Thursday, October 23, 2014

32-04 Flap Handle Install


IMG 3701

Flap Handle Blocks

Here’s the “rest of the story” (to quote the late Paul Harvey) from an earlier mistake.  (see the entry for 4/30/14.)  I had placed some nut plates on the wrong side of the medial seat ribs.  I was able to (eventually!) drill out the rivets and place the nut plates on the correct side using the lightening holes for access and the -3 pull rivets instead of the AN426-3’s originally called out.  The only thing I couldn’t do was remove/reverse the dimple for the rivets, so the new rivets were not only not countersunk, but they actually are about .010” proud of the surface.  Today was the day that I had to deal with that discrepancy.

To my great relief, I deduced that the pieces that were going to go against those surfaces were the nylon retention/pivot blocks for the flap handle assembly.  Nylon is a much more forgiving material than steel or even aluminum! I did have to grind the short (pivoting) tube of the flap handle to get the handle assembly (handle and two nylon blocks) to fit in between the seat ribs, but it’s a nice tight fit and has no slop or wobble.  I did have to swear a bit to get the nylon block to get over the lip of the elevated rivet, but once that was accomplished it went easily from there.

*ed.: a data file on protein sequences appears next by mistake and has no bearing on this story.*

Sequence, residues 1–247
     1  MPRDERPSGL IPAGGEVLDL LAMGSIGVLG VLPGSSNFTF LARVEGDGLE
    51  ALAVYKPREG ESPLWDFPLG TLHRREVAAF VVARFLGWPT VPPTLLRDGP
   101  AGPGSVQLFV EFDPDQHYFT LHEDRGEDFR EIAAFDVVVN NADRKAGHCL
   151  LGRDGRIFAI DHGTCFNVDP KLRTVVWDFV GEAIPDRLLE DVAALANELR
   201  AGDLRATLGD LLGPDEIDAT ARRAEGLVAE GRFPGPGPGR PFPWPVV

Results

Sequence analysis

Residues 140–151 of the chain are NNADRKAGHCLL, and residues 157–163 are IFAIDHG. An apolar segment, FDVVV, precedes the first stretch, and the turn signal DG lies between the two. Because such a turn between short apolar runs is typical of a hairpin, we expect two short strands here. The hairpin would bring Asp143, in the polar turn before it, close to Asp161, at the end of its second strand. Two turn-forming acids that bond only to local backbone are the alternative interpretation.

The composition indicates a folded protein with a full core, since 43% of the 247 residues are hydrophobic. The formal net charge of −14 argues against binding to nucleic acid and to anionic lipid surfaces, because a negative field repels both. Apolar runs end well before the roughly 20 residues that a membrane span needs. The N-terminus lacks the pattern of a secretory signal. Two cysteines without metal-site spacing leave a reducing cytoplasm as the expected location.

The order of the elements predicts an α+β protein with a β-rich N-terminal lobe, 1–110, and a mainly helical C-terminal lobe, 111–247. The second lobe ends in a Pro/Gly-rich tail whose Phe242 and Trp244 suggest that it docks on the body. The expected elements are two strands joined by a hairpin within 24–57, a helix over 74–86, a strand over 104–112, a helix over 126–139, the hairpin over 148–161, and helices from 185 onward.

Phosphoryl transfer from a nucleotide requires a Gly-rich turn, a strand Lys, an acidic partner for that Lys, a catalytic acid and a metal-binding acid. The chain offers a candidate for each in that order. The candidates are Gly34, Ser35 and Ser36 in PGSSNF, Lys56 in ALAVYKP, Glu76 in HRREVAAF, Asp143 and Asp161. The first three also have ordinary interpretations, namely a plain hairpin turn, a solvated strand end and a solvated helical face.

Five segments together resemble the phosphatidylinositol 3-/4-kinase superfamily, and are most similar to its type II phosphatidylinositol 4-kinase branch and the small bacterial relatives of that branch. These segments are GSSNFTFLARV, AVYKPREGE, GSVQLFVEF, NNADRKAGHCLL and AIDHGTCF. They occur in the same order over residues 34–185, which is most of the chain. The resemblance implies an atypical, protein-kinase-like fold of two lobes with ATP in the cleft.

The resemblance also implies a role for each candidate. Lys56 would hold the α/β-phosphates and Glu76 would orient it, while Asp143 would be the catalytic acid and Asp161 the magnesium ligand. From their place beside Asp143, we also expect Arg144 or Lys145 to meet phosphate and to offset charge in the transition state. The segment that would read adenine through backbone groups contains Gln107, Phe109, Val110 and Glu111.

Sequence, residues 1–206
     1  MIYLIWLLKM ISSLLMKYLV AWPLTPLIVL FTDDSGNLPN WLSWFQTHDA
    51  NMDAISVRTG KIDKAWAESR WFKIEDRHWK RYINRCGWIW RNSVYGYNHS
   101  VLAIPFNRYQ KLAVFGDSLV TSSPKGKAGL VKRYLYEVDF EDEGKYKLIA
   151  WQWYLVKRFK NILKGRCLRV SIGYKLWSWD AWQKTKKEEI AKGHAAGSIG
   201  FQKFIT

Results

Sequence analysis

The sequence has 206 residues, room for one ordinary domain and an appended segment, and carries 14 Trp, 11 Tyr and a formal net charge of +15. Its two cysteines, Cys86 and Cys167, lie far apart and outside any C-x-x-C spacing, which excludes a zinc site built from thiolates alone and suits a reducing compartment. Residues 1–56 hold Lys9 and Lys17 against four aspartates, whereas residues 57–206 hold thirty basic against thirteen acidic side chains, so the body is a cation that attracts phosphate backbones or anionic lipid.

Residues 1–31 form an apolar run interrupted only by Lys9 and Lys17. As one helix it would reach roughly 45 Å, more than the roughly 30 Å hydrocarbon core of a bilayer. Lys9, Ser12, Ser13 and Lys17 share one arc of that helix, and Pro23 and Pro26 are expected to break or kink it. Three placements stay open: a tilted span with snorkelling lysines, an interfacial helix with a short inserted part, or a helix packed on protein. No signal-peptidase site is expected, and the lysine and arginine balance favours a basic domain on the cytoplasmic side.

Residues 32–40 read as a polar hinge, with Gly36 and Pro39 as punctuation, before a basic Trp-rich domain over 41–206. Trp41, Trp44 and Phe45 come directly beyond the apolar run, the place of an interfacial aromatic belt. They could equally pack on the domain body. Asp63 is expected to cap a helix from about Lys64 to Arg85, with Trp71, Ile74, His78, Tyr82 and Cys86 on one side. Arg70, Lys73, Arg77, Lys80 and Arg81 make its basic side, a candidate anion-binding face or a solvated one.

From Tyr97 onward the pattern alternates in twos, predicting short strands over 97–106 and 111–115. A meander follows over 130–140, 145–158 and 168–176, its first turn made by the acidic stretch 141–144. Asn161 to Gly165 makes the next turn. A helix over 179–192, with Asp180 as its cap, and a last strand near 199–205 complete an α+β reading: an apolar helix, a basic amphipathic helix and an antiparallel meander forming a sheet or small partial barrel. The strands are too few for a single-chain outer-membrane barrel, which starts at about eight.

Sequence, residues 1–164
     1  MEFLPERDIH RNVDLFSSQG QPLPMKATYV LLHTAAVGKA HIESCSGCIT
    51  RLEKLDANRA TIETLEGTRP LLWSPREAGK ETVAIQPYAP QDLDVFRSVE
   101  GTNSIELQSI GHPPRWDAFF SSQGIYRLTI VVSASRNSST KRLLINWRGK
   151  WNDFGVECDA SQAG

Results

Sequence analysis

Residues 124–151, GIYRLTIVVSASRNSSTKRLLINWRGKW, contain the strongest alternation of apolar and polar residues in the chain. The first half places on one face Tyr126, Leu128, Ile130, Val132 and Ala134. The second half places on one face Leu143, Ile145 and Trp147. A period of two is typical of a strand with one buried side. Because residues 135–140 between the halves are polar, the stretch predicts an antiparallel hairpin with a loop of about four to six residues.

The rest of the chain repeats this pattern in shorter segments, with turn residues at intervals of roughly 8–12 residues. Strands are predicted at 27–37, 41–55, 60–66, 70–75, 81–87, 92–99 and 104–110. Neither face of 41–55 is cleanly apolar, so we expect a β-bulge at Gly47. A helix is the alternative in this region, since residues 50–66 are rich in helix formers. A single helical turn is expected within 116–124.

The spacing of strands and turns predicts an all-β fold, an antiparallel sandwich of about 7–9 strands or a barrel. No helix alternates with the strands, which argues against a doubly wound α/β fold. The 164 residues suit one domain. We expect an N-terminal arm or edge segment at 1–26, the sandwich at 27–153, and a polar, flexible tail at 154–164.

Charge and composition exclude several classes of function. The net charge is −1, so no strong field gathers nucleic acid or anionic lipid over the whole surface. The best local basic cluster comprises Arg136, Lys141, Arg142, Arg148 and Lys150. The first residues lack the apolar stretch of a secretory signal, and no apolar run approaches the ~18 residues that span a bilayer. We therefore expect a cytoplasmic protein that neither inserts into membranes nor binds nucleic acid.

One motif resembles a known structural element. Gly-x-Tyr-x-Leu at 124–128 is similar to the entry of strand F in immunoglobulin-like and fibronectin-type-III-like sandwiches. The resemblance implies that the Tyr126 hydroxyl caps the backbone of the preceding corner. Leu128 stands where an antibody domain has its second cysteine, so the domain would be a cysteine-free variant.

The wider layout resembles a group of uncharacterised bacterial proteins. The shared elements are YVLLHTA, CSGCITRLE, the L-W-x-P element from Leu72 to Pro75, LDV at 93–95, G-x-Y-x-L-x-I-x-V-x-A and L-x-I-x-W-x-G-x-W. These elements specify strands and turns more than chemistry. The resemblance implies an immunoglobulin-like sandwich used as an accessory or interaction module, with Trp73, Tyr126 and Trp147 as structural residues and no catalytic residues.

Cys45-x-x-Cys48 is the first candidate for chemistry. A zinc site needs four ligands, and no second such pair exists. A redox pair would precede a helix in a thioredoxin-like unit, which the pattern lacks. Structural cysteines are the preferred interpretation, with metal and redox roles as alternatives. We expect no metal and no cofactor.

The Book calls for me to able to put a piece of paper between the pivoting tube and the fuel line.  It cryptically states that it’s allowable “bend the fuel line slightly.”  VAF made an old cryptic reference to a wooden tool, but the link was dead so I don’t know what kind of tool they were discussing. No matter—I had been given the clue I needed.  I drilled a 5/8” hole in a piece of plywood and then cut right through the hole.  That then went over the fuel line and was gently wrapped with a  dead-blow hammer to put a slight bend in the fuel line to allow it to clear the flap handle.  The above picture shows the paper slid between the fuel line and the tube to demonstrate no interference.  You can also see the business end of the wooden tool described above.


IMG 3702

Flap Pushrod and Mixer

No drama here.  The (correctly oriented) mixer arms accepted the mixer bell crank and flap pushrod without any difficulty.  Note the drop of orange lacquer denoting a torque wrench was used to correctly set the final torque. (In other words, that I hope to never disassemble this again! :-)

21-04 revisited

Remember a couple of pages ago when I asked if you saw anything funny about the flaperon mixer arm?  Here’s that picture for you to take a look at.